Hamas — and Erdogan’s Funny Definition of Democracy
Hamas was one of the many entities rushing to congratulate Turkish President Recep Tayyip Erdogan on his successful quashing of the attempted coup against his government last weekend. Like leaders of other countries worldwide, the heads of the terrorist organization ruling the Gaza Strip hailed Erdogan’s success as a “victory for democracy.”
Unlike those who waited for the military takeover to fail before applauding the autocrat in Ankara, Hamas was genuinely relieved. After all, the Islamist Palestinian group has no greater friend than Erdogan.
Thus, Hamas has been able to proceed with its summer activities in a particularly festive manner. Two of these activities are particularly worthy of note.
The first is a special exhibit marking the second anniversary of Operation Protective Edge, Israel’s 2014 incursion into Gaza to destroy the terrorist infrastructure — tunnels and missile-launchers — used by Hamas to kidnap and kill innocent Israelis.
Though Israel managed to decimate much of the infrastructure, leaving swaths of Gaza in ruins, Hamas did not feel defeated; nor should it have. No military match for the mighty Israeli army, it nevertheless succeeded in sending the Israeli populace into bomb shelters several times a day, while retaining political power and several tunnels and subsequently buckets of money and materials with which to keep its terror mill running.
To boost morale and demonstrate that it is doing its job properly, the Izzedine al-Qassam Brigades — amusingly known as Hamas’ “military wing” — has created a death-and-destruction Disneyland for family fun, free of charge. This consists of a display of various authentic weapons deployed in the slaughter of Israelis, and an extra-special tour of a tunnel bordering the Jewish state.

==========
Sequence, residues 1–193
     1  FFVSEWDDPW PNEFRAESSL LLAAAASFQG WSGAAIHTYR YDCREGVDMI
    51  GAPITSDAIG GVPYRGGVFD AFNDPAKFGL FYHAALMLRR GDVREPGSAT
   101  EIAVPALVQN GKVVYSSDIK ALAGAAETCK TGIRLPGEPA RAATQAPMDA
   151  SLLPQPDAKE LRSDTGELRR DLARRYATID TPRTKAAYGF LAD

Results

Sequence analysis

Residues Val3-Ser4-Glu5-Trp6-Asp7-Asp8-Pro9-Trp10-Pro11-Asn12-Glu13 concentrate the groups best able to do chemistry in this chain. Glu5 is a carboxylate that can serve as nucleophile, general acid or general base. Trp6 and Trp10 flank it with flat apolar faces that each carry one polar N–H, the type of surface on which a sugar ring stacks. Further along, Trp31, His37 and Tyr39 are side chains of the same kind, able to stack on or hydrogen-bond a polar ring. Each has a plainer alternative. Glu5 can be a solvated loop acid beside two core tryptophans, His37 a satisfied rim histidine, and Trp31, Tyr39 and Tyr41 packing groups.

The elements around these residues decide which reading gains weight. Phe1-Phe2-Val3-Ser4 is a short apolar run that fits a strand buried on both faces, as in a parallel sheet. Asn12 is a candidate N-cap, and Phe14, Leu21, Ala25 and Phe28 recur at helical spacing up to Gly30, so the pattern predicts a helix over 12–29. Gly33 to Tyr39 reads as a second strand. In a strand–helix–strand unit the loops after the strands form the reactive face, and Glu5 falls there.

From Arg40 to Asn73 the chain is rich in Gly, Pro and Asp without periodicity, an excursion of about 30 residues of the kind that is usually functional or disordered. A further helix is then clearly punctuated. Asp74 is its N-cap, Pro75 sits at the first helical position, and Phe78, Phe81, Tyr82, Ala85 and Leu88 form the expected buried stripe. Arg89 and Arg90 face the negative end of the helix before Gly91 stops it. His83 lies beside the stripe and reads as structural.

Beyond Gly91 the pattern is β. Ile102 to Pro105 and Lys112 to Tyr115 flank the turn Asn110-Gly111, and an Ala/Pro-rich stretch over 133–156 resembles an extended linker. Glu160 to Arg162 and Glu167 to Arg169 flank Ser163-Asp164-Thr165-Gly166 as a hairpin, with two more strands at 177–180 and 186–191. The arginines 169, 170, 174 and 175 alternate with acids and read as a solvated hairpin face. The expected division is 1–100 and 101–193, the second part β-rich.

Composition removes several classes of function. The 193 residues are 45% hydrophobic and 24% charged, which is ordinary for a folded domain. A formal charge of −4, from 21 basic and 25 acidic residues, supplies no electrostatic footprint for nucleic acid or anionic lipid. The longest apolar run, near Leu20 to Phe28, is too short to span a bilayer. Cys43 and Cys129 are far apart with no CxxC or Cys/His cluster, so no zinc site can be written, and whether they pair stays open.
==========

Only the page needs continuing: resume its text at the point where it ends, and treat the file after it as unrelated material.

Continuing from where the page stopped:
To promote the exhibit, Hamas produced a video showing children touring the well-lit underground passageway, whose purpose is to transport terrorists around Gaza and to ambush Israeli soldiers through shafts emerging on the Israeli side.
However, some 50,000 kids in Gaza will be too busy to frequent the exhibit, as they will be attending jihad camp, the second happy Hamas event taking place before the start of the next school year. At one of the 25 “Vanguards of Liberation” camps, Gazan youth will learn hand-to-hand combat, weaponry and — as a special treat — how to desecrate the Israeli flag.
In a promotional video provided and translated by the Middle East Media Research Institute, a masked counselor explained, “We are in need of strong and powerful heroes in order to implement the words of Allah: [The companions] ‘are tough against the infidels and merciful among themselves.’ We … motivate the students, to wage jihad, for the sake of Allah, and we instill love for Allah and His Prophet in the souls of our sons.”
An administrator in the video said that the camp — decorated with posters of suicide bombers — focuses on shaping “an able and unique generation of powerful servants of Allah, in an ideological, religious and military sense, a generation that will liberate Jerusalem and the rest of the land, God willing.”
One camper described his goal: “We came here today to undergo training with all our strength and our knowledge, in order to protect our holy places and our land, and in order to take revenge upon the tyrannical Zionist occupation.”
Meanwhile, as Erdogan purges the army, the courts, the media and the universities of anyone and everyone he suspects is not on his side — arresting thousands of people and suspending civil liberties as part of a “three-month state of emergency” — Erdogan can and does identify with Hamas’ objectives and methods, especially those pertaining to Turkey.
When Mushir al-Masri, a member of Hamas’ Legislative Council in Gaza, announced after the coup was nipped in the bud, “We are ready to sacrifice our blood for the Turkish people, and … for Istanbul,” Erdogan was reassured. His aversion is to American values, not those of his co-warriors against the “infidels.” It’s a funny definition of democracy, but one that Erdogan and his champions call their own.
Ruthie Blum is the managing editor of The Algemeiner.